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Europe > Britain and Ireland > United Kingdom > England > East Midlands > Lincolnshire > Sleaford

Sleaford

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Sleaford is a town in the North Kesteven district of Lincolnshire.

Understand[edit]

Sleaford has a population of around 17,700 (2011). In the town centre stands Money's Mill, a 1796 windmill. It no longer has sails, and for several years served as Sleaford's tourist information centre.

Get in[edit]

Sleaford Railway Station serves destinations of Lincoln, Peterborough, Doncaster, Grantham, Skegness and Nottingham.

Via Nottingham there are connections to Cardiff (via Birmingham), Liverpool, Leicester, Derby and Worksop.

Via Grantham or Peterborough there are connections to London Kings Cross, Leeds, York, Darlington, Newcastle, Edinburgh and Aberdeen

Stagecoach run a bus service from the Railway Station to Lincoln via Ruskington and Metheringham.

Get around[edit]

The best way to get around Sleaford is walking. At rush hour the High Street gets heavy traffic making it quicker to walk.

See[edit]

St Deny's Church, Sleaford
  • 1 St. Denys. Parish church forms the eastern side of the town's market place. St Denys' Church, Sleaford (Q2317971) on Wikidata St Denys' Church, Sleaford on Wikipedia
  • 2 The Hub National Centre for Craft & Design. The National Centre for Craft & Design (Q7753156) on Wikidata The National Centre for Craft & Design on Wikipedia
  • 3 Cogglesford Mill (on the banks of the River Slea). It dates from the 17th century. It is Lincolnshire's last working water mill and is possibly the last working Sheriff's Mill in England (making it of national importance). It is probably on the site of an earlier Mercian estate mill. The adjacent house where the mill worker would have lived is now a restaurant. Cogglesford Mill (Q5141111) on Wikidata Cogglesford Mill on Wikipedia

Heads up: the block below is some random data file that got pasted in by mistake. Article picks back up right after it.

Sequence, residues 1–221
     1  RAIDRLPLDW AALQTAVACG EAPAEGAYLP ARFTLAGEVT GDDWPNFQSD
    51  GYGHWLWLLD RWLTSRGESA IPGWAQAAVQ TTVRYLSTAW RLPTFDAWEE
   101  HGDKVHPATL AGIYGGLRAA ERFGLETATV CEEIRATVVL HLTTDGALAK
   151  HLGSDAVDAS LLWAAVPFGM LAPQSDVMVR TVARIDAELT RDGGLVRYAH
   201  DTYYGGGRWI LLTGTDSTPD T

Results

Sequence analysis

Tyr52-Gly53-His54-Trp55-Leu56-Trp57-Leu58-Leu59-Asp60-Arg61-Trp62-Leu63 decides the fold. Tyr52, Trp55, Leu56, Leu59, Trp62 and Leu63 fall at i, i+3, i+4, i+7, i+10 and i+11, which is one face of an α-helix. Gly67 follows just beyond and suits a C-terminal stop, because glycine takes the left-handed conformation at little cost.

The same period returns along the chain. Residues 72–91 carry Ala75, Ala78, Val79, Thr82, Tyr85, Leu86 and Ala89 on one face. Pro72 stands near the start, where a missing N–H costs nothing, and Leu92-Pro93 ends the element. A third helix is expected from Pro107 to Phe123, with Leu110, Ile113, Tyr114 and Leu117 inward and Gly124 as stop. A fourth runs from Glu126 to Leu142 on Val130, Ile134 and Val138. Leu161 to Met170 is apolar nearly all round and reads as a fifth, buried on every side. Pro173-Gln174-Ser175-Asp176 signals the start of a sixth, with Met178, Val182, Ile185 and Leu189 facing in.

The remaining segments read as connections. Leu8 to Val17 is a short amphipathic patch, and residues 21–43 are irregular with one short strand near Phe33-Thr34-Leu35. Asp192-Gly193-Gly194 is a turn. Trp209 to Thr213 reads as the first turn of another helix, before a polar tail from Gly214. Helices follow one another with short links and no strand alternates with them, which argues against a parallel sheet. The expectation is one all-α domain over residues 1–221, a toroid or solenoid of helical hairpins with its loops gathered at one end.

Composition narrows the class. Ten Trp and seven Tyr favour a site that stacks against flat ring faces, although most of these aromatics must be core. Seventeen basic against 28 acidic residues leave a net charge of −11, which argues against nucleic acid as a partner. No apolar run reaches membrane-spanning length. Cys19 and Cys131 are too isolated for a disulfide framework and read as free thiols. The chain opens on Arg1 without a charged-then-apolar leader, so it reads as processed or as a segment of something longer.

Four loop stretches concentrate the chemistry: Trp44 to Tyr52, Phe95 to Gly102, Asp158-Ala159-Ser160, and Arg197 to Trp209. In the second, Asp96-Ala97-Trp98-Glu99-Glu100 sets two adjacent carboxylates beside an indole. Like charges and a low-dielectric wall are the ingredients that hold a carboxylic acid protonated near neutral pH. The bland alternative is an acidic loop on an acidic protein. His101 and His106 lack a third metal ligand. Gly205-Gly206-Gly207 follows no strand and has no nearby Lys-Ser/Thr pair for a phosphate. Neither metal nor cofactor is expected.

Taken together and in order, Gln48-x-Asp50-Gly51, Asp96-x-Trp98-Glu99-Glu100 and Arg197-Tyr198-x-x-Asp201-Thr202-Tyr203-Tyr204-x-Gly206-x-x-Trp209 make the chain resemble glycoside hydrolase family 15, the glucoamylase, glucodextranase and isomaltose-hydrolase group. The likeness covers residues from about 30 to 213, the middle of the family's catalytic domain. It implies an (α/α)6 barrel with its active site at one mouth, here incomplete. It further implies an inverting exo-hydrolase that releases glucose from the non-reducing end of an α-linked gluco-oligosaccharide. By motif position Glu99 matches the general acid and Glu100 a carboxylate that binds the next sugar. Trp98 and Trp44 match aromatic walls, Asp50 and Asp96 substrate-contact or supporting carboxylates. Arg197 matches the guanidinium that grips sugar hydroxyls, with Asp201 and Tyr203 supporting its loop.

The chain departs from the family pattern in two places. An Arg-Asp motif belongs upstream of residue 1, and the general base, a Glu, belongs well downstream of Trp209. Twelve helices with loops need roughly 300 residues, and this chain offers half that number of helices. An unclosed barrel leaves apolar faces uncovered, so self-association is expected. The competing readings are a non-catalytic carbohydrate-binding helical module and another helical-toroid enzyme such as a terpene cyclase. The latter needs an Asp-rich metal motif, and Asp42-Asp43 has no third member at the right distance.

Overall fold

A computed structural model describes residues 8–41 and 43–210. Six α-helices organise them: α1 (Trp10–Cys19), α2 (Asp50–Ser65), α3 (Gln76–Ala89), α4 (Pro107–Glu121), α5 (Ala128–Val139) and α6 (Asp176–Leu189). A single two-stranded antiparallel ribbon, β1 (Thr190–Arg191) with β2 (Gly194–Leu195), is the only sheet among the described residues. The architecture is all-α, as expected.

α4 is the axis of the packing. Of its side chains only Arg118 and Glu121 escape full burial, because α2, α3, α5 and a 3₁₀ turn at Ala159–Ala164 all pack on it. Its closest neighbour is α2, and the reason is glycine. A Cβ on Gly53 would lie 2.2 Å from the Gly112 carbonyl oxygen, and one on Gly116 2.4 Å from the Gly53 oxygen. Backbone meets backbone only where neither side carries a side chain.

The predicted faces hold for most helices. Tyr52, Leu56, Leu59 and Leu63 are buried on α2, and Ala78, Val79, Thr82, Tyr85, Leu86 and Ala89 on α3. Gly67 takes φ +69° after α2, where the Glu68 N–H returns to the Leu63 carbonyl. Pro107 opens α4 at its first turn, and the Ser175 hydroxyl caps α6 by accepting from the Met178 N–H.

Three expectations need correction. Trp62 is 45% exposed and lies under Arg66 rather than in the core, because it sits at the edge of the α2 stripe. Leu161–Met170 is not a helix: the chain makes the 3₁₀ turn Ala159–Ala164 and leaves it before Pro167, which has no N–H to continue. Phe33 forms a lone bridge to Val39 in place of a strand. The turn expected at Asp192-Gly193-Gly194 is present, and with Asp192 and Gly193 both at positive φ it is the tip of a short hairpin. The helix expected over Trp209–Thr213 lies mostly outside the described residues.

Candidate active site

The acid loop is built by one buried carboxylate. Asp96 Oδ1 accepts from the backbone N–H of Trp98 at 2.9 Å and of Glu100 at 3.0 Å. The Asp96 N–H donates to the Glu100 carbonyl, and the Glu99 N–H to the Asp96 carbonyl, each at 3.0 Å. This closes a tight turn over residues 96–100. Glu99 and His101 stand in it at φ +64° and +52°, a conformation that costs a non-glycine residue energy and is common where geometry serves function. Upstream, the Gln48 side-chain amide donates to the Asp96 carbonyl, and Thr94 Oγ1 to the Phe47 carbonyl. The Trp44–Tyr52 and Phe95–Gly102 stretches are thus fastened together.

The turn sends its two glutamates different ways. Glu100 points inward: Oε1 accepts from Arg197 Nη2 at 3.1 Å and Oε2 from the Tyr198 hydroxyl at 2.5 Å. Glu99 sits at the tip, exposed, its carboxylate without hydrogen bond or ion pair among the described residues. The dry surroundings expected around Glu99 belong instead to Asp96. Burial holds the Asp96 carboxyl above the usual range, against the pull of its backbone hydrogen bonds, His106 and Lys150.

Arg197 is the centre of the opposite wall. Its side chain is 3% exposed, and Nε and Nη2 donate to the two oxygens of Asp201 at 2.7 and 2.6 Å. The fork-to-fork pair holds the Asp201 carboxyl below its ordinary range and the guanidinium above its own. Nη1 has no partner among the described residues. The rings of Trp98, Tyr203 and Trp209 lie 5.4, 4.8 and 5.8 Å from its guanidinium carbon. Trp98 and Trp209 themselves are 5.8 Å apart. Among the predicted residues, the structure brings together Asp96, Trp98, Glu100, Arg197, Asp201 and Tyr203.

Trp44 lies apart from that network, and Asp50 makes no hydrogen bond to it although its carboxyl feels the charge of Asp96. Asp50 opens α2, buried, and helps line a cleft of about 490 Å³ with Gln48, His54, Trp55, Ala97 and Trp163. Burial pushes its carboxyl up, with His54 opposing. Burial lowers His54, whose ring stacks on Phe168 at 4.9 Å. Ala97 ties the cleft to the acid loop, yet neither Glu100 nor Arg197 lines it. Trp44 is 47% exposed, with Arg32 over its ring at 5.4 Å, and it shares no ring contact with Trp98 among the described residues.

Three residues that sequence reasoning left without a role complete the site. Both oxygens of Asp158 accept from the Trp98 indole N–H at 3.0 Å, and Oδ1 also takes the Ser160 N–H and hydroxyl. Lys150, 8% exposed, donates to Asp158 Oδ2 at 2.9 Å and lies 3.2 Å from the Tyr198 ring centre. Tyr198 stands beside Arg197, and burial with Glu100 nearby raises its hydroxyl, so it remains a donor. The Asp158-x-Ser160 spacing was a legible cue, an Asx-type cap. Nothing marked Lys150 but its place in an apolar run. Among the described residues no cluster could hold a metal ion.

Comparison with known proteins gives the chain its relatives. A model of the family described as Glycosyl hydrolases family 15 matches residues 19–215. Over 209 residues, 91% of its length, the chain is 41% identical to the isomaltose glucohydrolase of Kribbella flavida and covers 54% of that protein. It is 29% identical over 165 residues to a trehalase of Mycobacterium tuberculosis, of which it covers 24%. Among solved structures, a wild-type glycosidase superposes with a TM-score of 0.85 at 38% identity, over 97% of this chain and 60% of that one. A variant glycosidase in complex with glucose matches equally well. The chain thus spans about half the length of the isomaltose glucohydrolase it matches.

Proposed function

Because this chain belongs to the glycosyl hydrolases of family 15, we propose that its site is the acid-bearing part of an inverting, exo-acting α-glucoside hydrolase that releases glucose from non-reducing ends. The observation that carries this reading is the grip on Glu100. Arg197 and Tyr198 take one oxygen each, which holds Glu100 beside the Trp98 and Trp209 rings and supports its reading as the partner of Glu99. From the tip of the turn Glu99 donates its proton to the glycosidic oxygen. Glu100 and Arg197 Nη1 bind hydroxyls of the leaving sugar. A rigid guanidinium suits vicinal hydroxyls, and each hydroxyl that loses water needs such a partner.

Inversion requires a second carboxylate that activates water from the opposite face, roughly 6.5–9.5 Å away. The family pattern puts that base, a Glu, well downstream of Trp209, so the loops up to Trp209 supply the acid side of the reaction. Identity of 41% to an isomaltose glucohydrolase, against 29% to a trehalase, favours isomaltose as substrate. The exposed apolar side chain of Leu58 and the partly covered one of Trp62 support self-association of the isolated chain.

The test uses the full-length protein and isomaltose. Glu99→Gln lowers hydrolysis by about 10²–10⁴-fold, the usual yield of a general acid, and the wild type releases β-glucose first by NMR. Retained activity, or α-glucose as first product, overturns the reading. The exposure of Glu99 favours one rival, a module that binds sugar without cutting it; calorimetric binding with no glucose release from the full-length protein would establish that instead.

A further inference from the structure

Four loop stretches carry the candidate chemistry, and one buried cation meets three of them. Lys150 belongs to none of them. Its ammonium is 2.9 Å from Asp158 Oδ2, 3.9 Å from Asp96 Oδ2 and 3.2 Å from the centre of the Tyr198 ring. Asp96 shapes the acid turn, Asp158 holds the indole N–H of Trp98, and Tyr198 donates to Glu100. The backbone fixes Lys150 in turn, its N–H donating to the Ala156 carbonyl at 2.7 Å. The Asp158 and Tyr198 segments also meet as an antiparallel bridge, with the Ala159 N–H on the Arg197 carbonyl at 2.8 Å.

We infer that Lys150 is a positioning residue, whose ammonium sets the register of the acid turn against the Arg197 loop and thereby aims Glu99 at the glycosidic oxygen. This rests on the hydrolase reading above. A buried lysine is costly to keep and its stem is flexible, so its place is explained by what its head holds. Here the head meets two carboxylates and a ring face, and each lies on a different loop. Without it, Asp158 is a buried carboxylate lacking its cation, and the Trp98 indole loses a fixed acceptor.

• 4 Heckington Windmill. In the village of Heckington, near Sleaford is the only surviving eight sailed windmill in the country. It has a museum and tearooms, as well as a shop selling produce. Open 7 days a week from mid-July to mid-September, at weekends from mid-September to the end of October and from Easter to mid-July, and on Sundays only from November to Easter. Heckington Windmill (Q1474371) on Wikidata Heckington Windmill on Wikipedia

Other town landmarks include the Handley Monument, the semi-derelict Bass Maltings, the ruins of Sleaford Castle, and the Picturedrome (once a cinema and a Snooker hall, now unoccupied).

Do[edit]

Since 1912, an annual charity raft race has taken place on the River Slea. It is coupled with the Water Festival local music event.

Buy[edit]

Sleaford holds a market in the town on Mondays, Fridays and Saturdays.

Eat[edit]

Subway on Southgate

Greggs on Southgate (although there is no restaurant)

Weatherspoons on Northgate

Drink[edit]

Sleaford's Bull & Dog pub, formerly the Black Bull, dates from 1689 (according to a date-stone set in its front wall) and is said to have the oldest surviving bull-baiting pub sign in England.

Sleep[edit]

Connect[edit]

Go next[edit]

Close to Sleaford is Lincoln, Grantham, Ruskington, Digby, Dorrington, Metheringham, Spalding, Skegness, Cranwell and Waddington.

Reasonably close to Sleaford is Grimsby, Scunthorpe, Cleethorpes, Nottingham and Kingston upon Hull.

Routes through Sleaford
Lincoln  N UK road A15.svg S  BournePeterborough
Newark-on-Trent  W UK road A17.svg E  BostonKing's Lynn



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